Mexico City – “Chilangolandia”
“Chilango” is a slang term for a resident of Mexico City. It might have originally been a derogatory term, but they have taken it as their own and it’s become a term that portrays fierce pride at living in this unique metropolis. There are around 21 million Chilangos, and for two weeks we are living among them and trying not to be overwhelmed.
Back in Gringolandia (which is so much more fun to say than The United States) I grew up in a small town in Missouri where the population was around 6,000 people. My husband grew up farming in Iowa and went to school in an even smaller town – there were only 32 people in his graduating class. When we lived in Des Moines, which has a population just over 200,000 people, we sometimes felt a bit crowded.
So how are we doing in the 5th largest city in the world?
I’ll be honest, I chose our high-rise apartment in part because it’s close to Frida Kahlo’s house, but also because it’s a good place to hide out if we need to. For the kids there are indoor and outdoor play grounds, a mini soccer field, a free arcade, 2 pools, 2 bring your own movie theaters, and sound proof music rooms complete with instruments. For us there is a gym, a business center to work in, yoga and Pilates, 2 restaurants, a small grocery store and the entire top floor is a lounge with billiards, air hockey and foosball. We could stay here two weeks and have plenty to do, but that would be like flying to another country and never leaving the resort, and we don’t travel like that.
Our car is parked and won’t move again until we leave the city, there’s just too much traffic. Plus we aren’t contributing to the pollution and we need to walk more, so it’s a win win! I’m curious to try “El Metro” having never taken a subway before, but mostlywe’ll be using Uber for the first time here because it is overwhelmingly recommended as the easiest and safest way to get around.
There it is, the safety question. Mexico City doesn’t have a great reputation when it comes to safety, but neither does Rio de Janiero and I was pleasantly surprised there. I believe in doing your research, but I don’t believe in letting fear hold you back.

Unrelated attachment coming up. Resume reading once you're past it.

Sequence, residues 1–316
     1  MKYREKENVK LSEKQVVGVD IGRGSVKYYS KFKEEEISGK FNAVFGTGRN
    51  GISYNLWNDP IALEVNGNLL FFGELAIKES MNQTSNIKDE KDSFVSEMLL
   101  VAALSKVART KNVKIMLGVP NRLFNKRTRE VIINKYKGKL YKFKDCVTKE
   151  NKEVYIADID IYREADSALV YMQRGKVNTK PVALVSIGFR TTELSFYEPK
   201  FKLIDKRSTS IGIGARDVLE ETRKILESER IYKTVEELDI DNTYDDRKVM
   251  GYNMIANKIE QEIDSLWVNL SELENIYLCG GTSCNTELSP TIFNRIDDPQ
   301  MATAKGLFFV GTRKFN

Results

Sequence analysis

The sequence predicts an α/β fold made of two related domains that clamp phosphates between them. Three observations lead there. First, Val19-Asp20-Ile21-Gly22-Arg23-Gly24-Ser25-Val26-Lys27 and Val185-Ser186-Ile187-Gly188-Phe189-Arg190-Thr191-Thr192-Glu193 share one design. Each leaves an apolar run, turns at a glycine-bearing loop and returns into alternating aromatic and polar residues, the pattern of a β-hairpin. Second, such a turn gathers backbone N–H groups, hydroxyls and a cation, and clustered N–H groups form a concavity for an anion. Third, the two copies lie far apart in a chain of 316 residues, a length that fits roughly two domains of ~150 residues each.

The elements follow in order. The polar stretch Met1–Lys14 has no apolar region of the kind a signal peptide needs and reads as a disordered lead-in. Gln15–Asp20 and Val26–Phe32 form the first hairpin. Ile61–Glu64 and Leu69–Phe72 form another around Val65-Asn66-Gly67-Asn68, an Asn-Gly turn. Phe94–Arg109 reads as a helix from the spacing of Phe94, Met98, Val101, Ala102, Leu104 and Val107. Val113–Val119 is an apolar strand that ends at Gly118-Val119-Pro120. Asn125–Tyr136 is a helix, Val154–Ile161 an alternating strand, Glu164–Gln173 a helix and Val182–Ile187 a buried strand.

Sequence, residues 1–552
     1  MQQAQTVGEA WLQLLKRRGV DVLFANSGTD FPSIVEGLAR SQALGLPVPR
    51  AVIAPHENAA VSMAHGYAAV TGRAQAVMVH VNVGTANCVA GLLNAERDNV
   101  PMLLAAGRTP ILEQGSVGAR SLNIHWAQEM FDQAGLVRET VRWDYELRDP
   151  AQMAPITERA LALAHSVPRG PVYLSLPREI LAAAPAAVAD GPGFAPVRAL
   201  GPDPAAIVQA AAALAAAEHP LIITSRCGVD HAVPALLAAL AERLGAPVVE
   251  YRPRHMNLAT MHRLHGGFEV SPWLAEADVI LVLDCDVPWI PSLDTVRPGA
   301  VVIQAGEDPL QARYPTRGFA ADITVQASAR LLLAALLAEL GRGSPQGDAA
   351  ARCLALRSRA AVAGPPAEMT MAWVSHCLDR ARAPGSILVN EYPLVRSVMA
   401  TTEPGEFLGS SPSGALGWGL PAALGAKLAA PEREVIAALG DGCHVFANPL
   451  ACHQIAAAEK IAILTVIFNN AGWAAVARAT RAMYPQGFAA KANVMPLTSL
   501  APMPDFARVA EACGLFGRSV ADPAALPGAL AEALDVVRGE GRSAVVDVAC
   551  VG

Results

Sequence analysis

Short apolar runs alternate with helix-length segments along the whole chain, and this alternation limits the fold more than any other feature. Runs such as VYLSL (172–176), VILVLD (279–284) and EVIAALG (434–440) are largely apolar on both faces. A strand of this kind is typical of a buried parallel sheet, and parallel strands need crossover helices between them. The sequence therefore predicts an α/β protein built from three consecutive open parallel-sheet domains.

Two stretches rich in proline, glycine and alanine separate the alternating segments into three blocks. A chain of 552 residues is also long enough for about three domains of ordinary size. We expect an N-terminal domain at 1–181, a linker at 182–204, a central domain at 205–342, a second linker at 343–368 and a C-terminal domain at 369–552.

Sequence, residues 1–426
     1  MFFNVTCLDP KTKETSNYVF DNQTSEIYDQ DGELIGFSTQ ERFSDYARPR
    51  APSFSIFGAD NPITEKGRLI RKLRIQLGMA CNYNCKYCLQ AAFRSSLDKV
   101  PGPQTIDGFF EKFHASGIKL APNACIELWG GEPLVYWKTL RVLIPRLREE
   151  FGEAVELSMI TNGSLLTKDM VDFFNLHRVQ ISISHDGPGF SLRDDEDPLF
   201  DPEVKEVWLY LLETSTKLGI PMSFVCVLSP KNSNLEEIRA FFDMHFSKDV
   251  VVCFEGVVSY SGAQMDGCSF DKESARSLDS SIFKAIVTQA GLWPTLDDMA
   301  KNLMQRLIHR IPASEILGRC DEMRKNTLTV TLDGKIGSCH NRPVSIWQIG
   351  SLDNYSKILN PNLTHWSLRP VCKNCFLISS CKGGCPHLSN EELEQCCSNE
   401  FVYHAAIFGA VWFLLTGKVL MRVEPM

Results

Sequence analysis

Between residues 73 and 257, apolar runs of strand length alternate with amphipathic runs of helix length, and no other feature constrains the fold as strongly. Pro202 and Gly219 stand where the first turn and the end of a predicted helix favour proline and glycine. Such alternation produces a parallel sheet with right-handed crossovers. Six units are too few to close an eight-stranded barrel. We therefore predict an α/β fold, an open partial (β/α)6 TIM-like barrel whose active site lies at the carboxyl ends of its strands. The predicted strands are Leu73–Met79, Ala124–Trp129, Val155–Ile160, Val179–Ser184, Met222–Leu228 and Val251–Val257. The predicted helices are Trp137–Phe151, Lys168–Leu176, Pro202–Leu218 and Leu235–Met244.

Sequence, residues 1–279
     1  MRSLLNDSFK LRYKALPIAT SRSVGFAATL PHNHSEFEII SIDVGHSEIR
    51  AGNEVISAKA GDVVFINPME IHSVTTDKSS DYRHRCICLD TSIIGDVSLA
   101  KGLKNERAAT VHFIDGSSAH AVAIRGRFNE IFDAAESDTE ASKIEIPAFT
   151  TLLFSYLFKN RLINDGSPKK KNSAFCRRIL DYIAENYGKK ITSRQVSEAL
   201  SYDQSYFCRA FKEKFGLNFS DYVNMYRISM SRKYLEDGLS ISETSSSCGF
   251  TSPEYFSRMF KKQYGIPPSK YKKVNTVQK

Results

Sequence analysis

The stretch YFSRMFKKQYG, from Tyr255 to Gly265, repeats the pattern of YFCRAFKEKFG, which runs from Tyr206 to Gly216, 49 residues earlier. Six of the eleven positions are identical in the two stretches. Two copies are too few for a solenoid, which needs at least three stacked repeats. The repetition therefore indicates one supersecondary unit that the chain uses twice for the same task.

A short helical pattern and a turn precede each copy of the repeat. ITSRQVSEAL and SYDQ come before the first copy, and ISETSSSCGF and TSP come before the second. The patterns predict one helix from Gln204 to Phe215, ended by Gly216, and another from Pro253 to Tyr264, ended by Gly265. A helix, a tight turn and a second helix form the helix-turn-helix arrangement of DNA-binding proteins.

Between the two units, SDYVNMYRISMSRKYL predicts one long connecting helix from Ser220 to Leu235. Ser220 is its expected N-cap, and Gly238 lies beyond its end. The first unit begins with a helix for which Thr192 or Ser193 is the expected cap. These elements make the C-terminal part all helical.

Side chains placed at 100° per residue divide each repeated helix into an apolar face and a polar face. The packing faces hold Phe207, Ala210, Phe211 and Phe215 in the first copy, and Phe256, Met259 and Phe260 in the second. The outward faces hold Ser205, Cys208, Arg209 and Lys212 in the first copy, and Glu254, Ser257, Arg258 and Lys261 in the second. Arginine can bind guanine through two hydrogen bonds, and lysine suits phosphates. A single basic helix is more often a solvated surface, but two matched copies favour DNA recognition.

What I was most worried about was not the people or the crime or even the hugeness of the city. I was worried about the pollution. June seems to have a sensitive respiratory system and allergies, so if anything was going to bother us, it would be the smog. But, so far we are ok. The altitude wears us out a little, and I wish the perpetual fog that covers the mountains that surround us would lift but that doesn’t seem likely with all the traffic. Stories of grit raining down and black floors seem to have been exaggerated, at least for the time we’ve been here.
Usually I like walking around and getting to know a place on my own, but Mexico City is just too big, it’s too much. So we’ve gone back to being tourists and taking tours around the city so we know what it is we’re looking at. I have to say I’m enjoying have a guide that can fill me in on the history and tell me what’s behind the walls that face the street. I’ll add links here so you can read more about our tours to the Historic Center, Coyoacan, a photo walk in Condesa, and a food tour in Roma. Frida Kahlo’s house, Diego’s murals, and of course what to do with kids in this giant city and where to take your dogs.
As much as I like Mexico City, I think I’m ready for a break from the sound of construction and traffic. It’s stressful to walk down busy streets watching over children and dogs. Soon it will be time to get out of town, and although there is a lot to do and see here I personally look forward to finding some peace a quiet in the Mexican countryside.